November 26, Draig Resources Ltd. (ASX:DRG) --

Link to preso


TRQ closed +2.59% to US$3.57 Tuesday

Will Mongolia's new leader work with investors?

November 25 (CNBC) Travis Hamilton, Chairman at Khan Investment Management, says Mongolia's new prime minister has a clear mandate to drive foreign investment back into the economy.

Link to video

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Local Market

MSE News for November 24: Top 20 +0.1% to 14,849.89, Turnover 946.7 Million, SDS 943.7 Million

Ulaanbaatar, November 24 (MONTSAME) At the Stock Exchange trades on Monday, a total of one million 853 thousand and 178 units of 19 JSCs were traded costing MNT 946 million 719 thousand and 913.80.

"State Department Store" /One million and 840 thousand units/, "Hai Bi Oil" /10 thousand units/, "Remikon" /1,000 units/, "Genco tour bureau" /645 units/ and "Arig gal" /362 units/ were the most actively traded in terms of trading volume, in terms of trading value were "State Department Store" (MNT 943 million and 720 thousand), "Hai Bi Oil" (MNT five million and 100 thousand), "Talkh chikher" (MNT one million and 702 thousand), "APU" (MNT one million and 022 thousand) and "Atar-orgoo" (MNT one million and 020 thousand).

The total market capitalization was set at MNT one trillion 505 billion 396 million 870 thousand and 076. The Index of Top-20 JSCs was 14,849.89, increasing 14.63 units or 0.10% against the previous day.

Link to article


MSE News for November 25: Top 20 +0.41% to 14,911.26, Turnover 29.3 Million, 28-Week T-Bills 2.3 Billion

Ulaanbaatar, November 25 /MONTSAME/ At the Stock Exchange trades on Tuesday, a total of 37 thousand and 531 units of 22 JSCs were traded costing MNT two billion 324 million 501 thousand and 560.00.

"Hermes center" /8,450 units/, "Material impex" /1,400 units/, "Hai Bi Oil" /1,000 units/, "Merex" /500 units/ and "Boonii khudaldaa" /300 units/ were the most actively traded in terms of trading volume, in terms of trading value were "Material impex" (MNT 23 million and 940 thousand), "Hermes center" (MNT one million 268 thousand and 620), "Atar-orgoo" (MNT 816 thousand), "Sharyn gol" (MNT 586 thousand and 360) and "Hai Bi Oil" (MNT 550 thousand).

The total market capitalization was set at MNT one trillion 463 billion 624 million 216 thousand and 836. The Index of Top-20 JSCs was 14,911.26, increasing 61.37 units or 0.41% against the previous day.

Link to article

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Early morning non-cash USD rates: Khan (Buy 1,886 Sell 1,894), TDB (Buy 1,884 Sell 1,894), Golomt (Buy 1,888 Sell 1,894), XacBank (Buy 1,885 Sell 1,895), State Bank (Buy 1,884 Sell 1,894)

BoM MNT Rates: Tuesday, November 25 Close


















































November MNT vs USD, CNY Chart:


Link to rates


BoM FX auction: US$16m sold at 1,891.10, CNY49m at 308.10, accepts $80m USD, $5.5m MNT swap offers

November 25 (Bank of Mongolia) On the Foreign Exchange Auction held on November 25th, 2014 the BOM has received bid offer of 43.5 million USD and 86.5 million CNY from local commercial banks. The BOM has sold 16.0 million USD as closing rate of MNT 1891.10 and 49.0 million CNY as closing rate of MNT 308.10.

On November 25th, 2014, The BOM has received USD SWAP agreement ask offer of 80.0 million USD and MNT Swap agreement bid offer in equivalent to 5.5 million USD from local commercial banks and accepted all offer.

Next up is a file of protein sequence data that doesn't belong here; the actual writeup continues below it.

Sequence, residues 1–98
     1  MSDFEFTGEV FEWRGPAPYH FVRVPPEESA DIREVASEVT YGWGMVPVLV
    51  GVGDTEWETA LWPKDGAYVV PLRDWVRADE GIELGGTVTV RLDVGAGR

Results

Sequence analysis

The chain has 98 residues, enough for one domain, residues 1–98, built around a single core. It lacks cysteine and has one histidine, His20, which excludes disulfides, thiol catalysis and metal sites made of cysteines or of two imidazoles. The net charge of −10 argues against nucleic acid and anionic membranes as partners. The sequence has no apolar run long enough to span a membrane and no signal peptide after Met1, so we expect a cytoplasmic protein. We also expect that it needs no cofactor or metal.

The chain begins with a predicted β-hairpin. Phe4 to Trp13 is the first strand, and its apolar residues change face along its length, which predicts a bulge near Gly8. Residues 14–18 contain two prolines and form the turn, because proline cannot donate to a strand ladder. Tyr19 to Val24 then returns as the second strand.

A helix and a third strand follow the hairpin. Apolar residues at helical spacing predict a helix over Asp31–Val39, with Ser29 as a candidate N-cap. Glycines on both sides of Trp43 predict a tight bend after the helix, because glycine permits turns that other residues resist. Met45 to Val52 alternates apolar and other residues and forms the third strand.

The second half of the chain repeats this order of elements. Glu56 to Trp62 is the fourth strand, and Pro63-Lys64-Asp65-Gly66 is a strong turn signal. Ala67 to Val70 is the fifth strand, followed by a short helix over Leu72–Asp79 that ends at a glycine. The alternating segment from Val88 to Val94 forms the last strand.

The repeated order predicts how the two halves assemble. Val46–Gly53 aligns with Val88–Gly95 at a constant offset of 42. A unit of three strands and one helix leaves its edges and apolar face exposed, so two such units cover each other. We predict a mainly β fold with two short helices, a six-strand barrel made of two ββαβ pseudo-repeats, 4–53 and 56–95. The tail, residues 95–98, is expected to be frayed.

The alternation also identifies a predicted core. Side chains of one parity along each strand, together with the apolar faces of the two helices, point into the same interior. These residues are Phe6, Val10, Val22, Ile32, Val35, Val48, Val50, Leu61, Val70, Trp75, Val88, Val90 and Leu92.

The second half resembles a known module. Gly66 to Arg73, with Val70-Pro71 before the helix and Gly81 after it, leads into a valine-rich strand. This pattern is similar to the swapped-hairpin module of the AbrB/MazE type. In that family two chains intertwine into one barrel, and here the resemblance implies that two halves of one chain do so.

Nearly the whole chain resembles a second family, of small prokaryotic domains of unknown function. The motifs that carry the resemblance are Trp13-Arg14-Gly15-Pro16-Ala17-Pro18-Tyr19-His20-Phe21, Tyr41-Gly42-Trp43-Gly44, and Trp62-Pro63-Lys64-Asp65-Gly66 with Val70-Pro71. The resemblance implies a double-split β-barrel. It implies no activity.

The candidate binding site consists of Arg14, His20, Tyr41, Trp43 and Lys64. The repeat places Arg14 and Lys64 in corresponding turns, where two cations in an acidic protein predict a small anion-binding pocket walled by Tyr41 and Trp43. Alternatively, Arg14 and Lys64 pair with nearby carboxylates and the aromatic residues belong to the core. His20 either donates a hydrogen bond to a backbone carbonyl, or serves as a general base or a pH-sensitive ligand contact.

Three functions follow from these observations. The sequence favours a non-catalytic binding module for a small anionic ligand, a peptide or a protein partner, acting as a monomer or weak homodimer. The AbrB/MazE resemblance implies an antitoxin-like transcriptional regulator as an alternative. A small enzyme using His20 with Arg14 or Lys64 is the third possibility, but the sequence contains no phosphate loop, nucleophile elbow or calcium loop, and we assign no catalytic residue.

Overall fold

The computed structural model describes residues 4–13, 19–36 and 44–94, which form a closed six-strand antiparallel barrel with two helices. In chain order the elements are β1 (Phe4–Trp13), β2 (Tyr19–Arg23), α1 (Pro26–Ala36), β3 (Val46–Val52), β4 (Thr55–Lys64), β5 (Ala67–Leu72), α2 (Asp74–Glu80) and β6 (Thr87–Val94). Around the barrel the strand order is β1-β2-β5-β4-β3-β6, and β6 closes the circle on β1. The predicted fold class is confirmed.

See also:

·         FX Auction Statistics

Link to release


BoM issues 119 billion 1-week bills, total outstanding +45.3% to 333.5 billion

November 24 (Bank of Mongolia) BoM issues 1 week bills worth MNT 119 billion at a weighted interest rate of 12.0 percent per annum /For previous auctions click here/

Link to release


Total Mortgages +3.2% MoM, +54.4% YoY; of Which 70.5% Subsidized – October 2014

November 25 (Bank of Mongolia) --

Appendix 1. Consolidated mortgage loan report of commercial banks.



Outstanding mortgage loan (MNT million)

From which:

Weighted average term of loan issued in the reporting month

Weighted average interest rate of loan issued in the reporting month

Total number of borrowers

By "Housing Mortgage Program"










































































































































































Link to report

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Politics & Legal

Newly Elected PM Invites All Seated Parties to Government

November 24 ( On November 21, 2014, Parliamentarian Chimed SAIKHANBILEG was elected as the 28th Prime Minister of Mongolia at the plenary session of the State Great Khural (Parliament), who succeeds MP N.Altankhuyag.

According to the affiliated law, Speaker of the Parliament Z.Enkhbold obliged the newly elected Premier to form his Cabinet and submit names within two weeks from the day of accreditation.

So today on November 24, 2014, Prime Minister Ch.Saikhanbileg sent a request letter to establish a Coalition Government to each political force having seats in the Parliament.

The letter cites in order to recover the deteriorated economy shortly, Premier Ch.Saikhanbileg pledges to take immediate steps, furthermore, to renew all-level electoral rules by amending the Constitution of Mongolia that aims to strengthen equal-right parliamentary governance.

Moreover, he urges to successfully implement big-scale projects such as Oyu Tolgoi and Tavan Tolgoi as well as other projects in mining, energy and infrastructure sectors by creating friendly investment environment that would attract interests of local and foreign firms.